2nd of the Year, 16 Jan 22
I last drank tequila on my eighteenth birthday. And I’m not going in to the gory details but I seem to remember feeling not very well the next day but it must have been something I ate, of course!
We have in today’s Gospel our Lord turning water in to wine at a party. And what’s potentially more scandalous is that those who have already been drinking, carry on drinking the wine that He produces, noting that it was better than what they had been drinking before. Now, wine in the first century was almost certainly weaker in terms of alcoholic strength than what we buy today and it was much more commonly drunk but we have to do some thinking as we contrast our Lord’s activity here with some of the misery we get from many Christians and others today.
For wine in the Scriptures is linked to joy: “Thou dost cause the grass to grow for the cattle, and plants for man to cultivate, that he may bring forth food from the earth, and wine to gladden the heart of man,” (Psalm 104:14-15). When we hear the Psalmist famously rejoice that their cup overflows (Psalm 23:5), the image they had was presumably wine overflowing from it. St Paul encourages Timothy to take wine for medicinal purposes in his first letter to him (I Timothy 5:23) and such association to health and wellbeing is made elsewhere (II Samuel 16:2 and Proverbs 31:6).
Jesus drank wine, not only at wedding feasts such as that in the Gospel, but also at the Last Supper. Here the bread and wine offered carry with them the symbolism of the mundane. Centuries before during the early ministry of Abraham he comes across Melchizedek offering these same simple gifts (Genesis 14:18). The author of the letter to the Hebrews sees Jesus as being a priest resembling Melchizedek, being ancient, universal and predating the priesthood of the Old Covenant (Hebrews 7:1-19).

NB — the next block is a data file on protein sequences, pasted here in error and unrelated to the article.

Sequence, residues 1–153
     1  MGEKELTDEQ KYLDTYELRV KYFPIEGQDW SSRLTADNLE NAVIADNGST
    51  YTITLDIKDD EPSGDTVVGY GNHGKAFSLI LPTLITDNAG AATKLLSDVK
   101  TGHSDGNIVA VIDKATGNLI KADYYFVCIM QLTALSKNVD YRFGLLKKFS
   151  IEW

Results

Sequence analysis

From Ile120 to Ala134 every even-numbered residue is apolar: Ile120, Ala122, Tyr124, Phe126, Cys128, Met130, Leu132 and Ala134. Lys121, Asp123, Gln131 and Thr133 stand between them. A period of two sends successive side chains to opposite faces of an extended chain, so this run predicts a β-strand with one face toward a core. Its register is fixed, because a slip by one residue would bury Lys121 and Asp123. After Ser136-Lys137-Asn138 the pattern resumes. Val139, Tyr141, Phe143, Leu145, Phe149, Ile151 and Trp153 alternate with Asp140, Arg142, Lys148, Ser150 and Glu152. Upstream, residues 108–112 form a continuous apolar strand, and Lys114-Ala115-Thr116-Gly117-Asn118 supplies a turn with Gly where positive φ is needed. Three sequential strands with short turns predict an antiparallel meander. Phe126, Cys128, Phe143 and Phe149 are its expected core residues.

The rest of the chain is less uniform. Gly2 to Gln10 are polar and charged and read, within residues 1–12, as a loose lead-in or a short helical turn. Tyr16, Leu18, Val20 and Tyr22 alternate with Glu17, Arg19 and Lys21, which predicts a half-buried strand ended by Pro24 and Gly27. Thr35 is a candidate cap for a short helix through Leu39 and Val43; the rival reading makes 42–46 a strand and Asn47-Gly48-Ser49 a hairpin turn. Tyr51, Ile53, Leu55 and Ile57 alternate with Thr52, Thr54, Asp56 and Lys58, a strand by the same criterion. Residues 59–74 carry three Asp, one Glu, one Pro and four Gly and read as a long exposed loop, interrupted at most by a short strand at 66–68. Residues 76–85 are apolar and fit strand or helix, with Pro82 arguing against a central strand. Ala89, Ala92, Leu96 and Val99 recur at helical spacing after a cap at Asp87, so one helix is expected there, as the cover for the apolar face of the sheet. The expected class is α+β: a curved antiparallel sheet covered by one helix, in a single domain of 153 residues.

At the Last Supper on the night before our Lord died on the Cross He took the wine and told the disciples to drink of it and said, “I tell you I shall not drink again of this fruit of the vine until that day when I drink it new with you in my Father’s kingdom,” (St Matthew 11:29). The feasting we enjoy at Mass then propels us forward to the life we will share with God in eternity in Heaven: “Thou preparest a table before me … and I shall dwell in the house of the Lord for ever,” (Psalm 23:5-6). The vineyard is a place where our Lord sets a couple of his parables that speak of preparing for the end of the world. Wine is produced after all, having gone through a process of purifying, squeezing out the goodness.
The Church rightly continues to insist that only alcoholic wine can be used at Mass as that was what our Lord used. It is a great blessing that those who very sensibly avoid drinking alcohol for whatever reason are still able to receive the Lord fully in the form of bread at Mass, as indeed we’re all doing at the current time.
There was clearly some scandal around our Lord drinking wine. As we hear recorded in St Matthew’s Gospel, Jesus says, “John came neither eating nor drinking, and they say, ‘He has a demon’; the Son of man came eating and drinking, and they say, ‘Behold, a glutton and a drunkard, a friend of tax collectors and sinners!’” (St Matthew 11:18-19). There are warnings elsewhere in the Scriptures too (Ephesians 5:18, Isaiah 5:11-12) and we do have to be careful, consuming too much alcohol becomes such a part of culture and society that we fail to recognise it is sinful when we do so.
But I hope the central message of the Feast at the Wedding at Cana and the miracle of the Lord producing wine can be for us one of joy. This is not blind optimism or use of pithy sayings like, “It’s always darkest before the dawn,” but it is a profound realisation of all the Lord has done for us and how the challenges of this life cannot override that salvation and eternal life which is the Father’s will for those who love Him. It will mean we don’t take ourselves too seriously, we don’t go to pieces if plans don’t go exactly as we intended, that when we suffer it won’t come to define us and be all we can think about.